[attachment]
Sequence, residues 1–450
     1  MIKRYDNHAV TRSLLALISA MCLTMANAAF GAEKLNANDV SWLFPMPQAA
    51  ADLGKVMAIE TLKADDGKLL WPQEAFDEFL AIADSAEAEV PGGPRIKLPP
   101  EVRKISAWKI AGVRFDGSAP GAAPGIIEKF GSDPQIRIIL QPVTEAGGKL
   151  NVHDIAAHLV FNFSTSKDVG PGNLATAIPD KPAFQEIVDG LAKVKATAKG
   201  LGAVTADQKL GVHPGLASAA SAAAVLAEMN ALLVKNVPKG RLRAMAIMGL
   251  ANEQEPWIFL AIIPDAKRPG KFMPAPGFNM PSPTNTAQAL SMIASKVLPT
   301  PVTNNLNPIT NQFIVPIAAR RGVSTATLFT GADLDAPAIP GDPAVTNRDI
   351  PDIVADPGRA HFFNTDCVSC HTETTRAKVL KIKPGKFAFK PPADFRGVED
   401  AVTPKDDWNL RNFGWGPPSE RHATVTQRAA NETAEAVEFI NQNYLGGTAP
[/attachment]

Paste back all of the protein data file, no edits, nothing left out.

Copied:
Sequence, residues 1–450
     1  MIKRYDNHAV TRSLLALISA MCLTMANAAF GAEKLNANDV SWLFPMPQAA
    51  ADLGKVMAIE TLKADDGKLL WPQEAFDEFL AIADSAEAEV PGGPRIKLPP
   101  EVRKISAWKI AGVRFDGSAP GAAPGIIEKF GSDPQIRIIL QPVTEAGGKL
   151  NVHDIAAHLV FNFSTSKDVG PGNLATAIPD KPAFQEIVDG LAKVKATAKG
   201  LGAVTADQKL GVHPGLASAA SAAAVLAEMN ALLVKNVPKG RLRAMAIMGL
   251  ANEQEPWIFL AIIPDAKRPG KFMPAPGFNM PSPTNTAQAL SMIASKVLPT
   301  PVTNNLNPIT NQFIVPIAAR RGVSTATLFT GADLDAPAIP GDPAVTNRDI
   351  PDIVADPGRA HFFNTDCVSC HTETTRAKVL KIKPGKFAFK PPADFRGVED
   401  AVTPKDDWNL RNFGWGPPSE RHATVTQRAA NETAEAVEFI NQNYLGGTAP